VANCOUVER EASTSIDE MISSING WOMEN
‘Remember the women’: vigil speaker
By Joe BarkovichTribune StaffWELLAND
Former Welland resident Diane Marin Rock, one of accused serial killer Robert William Pickton's 15 alleged victims, was remembered by family and friends Saturday in a candlelight vigil at Memorial Park.
Mourners Ella Marin and Carol Ann hold a vigil in front of a photo of former Welland resident Diane Rock, one of the alleged victims of accused B.C. serial killer Robert William Pickton. Those attending the candlelight vigil, held Saturday, were urged to 'Remember the women,' who have left behind grieving parents, siblings and in some cases children of their own.
It was one year to the day the petite, pretty mother of five, who would have turned 35 last month, was last seen in Vancouver.
"This was something that needed to be done," Rock's daughter Carol Ann, who now lives here, said about the vigil.
"My mother deserves this," said the 15-year-old.
The vigil was planned by Welland residents Lilliane Marin Beaudoin, one of Rock's sisters, and her husband Rene.
"As we loved you, so we miss you in our memories," Lilliane said reading a short but emotional family tribute as Rock's adoptive mother Ella Marin stood nearby. "You are near, loved, remembered and always in our thoughts bringing many silent tears."
But Rock was not the only victim whose name broke the nighttime quiet in the secluded park setting.
Lilliane and her husband Rene made certain the names of all 15 alleged murder victims and those of 48 missing women were announced during the vigil.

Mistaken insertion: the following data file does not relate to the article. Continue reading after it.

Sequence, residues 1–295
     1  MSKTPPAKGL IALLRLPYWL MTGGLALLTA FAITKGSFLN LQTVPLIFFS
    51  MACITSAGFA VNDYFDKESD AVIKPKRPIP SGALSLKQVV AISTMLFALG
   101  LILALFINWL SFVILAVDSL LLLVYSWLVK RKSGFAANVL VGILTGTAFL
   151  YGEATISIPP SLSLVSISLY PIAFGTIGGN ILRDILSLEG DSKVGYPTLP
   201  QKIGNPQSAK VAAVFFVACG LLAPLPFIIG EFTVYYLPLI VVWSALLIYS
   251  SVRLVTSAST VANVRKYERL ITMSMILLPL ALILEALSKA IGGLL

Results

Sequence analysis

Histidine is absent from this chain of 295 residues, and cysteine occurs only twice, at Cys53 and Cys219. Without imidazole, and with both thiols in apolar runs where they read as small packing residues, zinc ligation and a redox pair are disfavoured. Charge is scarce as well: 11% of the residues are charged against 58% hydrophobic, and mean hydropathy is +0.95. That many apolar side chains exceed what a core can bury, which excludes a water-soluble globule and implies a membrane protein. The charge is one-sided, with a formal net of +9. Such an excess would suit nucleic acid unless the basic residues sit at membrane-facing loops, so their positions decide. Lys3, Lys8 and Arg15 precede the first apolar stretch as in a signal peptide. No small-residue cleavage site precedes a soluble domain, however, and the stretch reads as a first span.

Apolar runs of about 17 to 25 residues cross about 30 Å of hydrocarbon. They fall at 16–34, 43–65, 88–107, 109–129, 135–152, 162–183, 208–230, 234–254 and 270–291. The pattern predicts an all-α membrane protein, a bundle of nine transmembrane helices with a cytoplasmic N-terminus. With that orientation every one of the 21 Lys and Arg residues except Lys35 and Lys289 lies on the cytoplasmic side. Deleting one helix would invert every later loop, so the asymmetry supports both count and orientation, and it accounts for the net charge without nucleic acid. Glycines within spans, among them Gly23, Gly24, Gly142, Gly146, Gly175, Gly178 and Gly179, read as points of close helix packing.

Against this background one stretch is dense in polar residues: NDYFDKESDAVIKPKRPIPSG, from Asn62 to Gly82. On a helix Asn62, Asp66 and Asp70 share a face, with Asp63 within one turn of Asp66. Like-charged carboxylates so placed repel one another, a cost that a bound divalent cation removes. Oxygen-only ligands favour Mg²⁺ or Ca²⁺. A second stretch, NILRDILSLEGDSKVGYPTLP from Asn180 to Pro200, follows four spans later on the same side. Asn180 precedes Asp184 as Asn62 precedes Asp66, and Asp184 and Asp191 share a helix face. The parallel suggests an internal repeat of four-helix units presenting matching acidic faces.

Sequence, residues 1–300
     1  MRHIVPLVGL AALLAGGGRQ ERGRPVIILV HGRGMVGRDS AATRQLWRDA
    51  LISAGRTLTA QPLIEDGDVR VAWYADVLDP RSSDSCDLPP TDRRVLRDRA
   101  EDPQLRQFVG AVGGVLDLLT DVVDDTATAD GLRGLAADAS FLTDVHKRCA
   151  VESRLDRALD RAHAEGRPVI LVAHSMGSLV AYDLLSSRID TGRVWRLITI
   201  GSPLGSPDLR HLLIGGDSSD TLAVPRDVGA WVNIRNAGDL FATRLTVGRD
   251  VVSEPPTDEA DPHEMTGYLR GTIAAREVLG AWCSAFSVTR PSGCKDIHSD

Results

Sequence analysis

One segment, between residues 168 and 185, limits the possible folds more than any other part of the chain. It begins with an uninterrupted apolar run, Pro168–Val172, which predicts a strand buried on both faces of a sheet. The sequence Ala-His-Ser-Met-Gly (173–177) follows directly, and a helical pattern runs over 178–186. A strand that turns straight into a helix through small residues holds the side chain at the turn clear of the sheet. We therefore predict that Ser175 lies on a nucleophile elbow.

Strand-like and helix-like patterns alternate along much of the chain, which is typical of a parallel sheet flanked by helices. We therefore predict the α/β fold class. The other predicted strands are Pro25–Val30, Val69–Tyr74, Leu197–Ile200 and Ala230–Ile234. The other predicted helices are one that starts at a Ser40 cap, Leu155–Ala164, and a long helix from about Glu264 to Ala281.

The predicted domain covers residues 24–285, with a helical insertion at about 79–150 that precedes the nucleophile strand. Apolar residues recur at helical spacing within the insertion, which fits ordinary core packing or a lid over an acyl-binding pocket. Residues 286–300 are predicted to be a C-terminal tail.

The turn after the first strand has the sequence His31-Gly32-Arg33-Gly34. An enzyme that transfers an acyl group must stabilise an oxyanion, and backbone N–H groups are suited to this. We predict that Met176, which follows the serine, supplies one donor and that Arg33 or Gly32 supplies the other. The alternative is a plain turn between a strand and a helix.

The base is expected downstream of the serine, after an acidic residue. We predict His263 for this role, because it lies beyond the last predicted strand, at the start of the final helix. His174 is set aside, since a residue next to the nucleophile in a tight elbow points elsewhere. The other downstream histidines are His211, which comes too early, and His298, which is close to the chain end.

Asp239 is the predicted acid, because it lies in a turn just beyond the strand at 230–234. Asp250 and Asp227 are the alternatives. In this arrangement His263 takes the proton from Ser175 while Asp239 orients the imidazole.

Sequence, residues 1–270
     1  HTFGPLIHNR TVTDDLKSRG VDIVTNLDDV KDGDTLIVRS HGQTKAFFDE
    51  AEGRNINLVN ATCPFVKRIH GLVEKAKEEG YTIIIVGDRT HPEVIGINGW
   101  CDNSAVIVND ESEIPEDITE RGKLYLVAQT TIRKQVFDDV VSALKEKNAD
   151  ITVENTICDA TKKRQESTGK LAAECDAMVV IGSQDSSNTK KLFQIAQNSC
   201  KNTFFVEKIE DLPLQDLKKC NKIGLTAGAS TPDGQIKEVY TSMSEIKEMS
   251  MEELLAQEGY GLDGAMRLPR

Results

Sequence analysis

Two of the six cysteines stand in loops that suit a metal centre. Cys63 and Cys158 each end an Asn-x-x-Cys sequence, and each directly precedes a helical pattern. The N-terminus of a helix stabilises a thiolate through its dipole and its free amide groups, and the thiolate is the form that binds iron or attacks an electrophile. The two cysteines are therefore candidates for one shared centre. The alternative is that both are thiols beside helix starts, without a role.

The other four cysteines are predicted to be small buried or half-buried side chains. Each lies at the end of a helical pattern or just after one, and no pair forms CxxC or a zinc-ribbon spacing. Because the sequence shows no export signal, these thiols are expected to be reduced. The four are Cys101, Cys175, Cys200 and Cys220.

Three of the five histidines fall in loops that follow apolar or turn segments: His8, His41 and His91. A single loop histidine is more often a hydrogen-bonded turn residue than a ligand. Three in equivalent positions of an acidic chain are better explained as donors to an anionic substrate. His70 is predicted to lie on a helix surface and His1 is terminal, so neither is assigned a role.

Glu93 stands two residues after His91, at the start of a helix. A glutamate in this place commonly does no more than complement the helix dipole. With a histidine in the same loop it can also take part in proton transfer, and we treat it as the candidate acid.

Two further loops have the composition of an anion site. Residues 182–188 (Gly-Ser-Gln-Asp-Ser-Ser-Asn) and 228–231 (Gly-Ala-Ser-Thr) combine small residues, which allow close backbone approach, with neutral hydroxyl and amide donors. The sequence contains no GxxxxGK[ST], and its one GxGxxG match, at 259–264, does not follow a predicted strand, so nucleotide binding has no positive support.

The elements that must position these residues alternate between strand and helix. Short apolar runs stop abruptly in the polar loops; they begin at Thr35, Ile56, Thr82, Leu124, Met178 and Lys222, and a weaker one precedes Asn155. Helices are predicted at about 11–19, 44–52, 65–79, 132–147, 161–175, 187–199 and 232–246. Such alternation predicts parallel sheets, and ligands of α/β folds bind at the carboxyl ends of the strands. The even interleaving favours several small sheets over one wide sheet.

A balloon was released as each woman's name was read. White balloons paid tribute to the alleged murder victims; purple balloons to the women who are on the list of the missing. A slip of paper inside each balloon bore the name of a woman and the date she was last seen.
Though most of the women missing from Vancouver's seedy East Side neighbourhood were drug addicts and prostitutes, Rene Beaudoin said it was important to remember that each was a person. They had parents, siblings and some, like Rock, had children of their own, he said.
"Remember the women," Beaudoin told about 75 people who attended the one-hour vigil.
Growing up in Welland, Rock was a typical teen who loved ice skating, roller skating and the movies, said family friend Bob Beaudoin.
She married young and was trained as a health care worker. But she turned to exotic dancing to help make ends meet, "fell into the wrong crowd" and started using drugs, Bob Beaudoin said.
After she remarried and the drug use continued, Rock and her family moved to British Columbia "for what they hoped would be a new beginning and a new life," Bob Beaudoin said.
Rock distinguished herself in a new job working with developmentally delayed adults in Abbotsford, B.C., winning admiration of superiors and co-workers for her dedication and outstanding care.
But her problems with drug abuse surfaced again and her marriage began to fall apart. She took a three-month leave of absence from her job in April, 2001 but never returned, Bob Beaudoin said.
Rock disappeared Oct. 19, 2001, last seen by the owner of a downtown motel where she had been staying.
Her name was added to the Vancouver Missing Women's List on January 15, 2002. Then on April 1, 2002 one of her daughters was notified Pickton had been charged with her murder. The Beaudoins and others in the family got the news the next day.
Pickton was charged on the basis of DNA evidence found at the pig farm he co-owns in Port Coquitlam, about 35 km east of Vancouver.
© Copyright 2002 Welland Tribune
Updated: August 21, 2016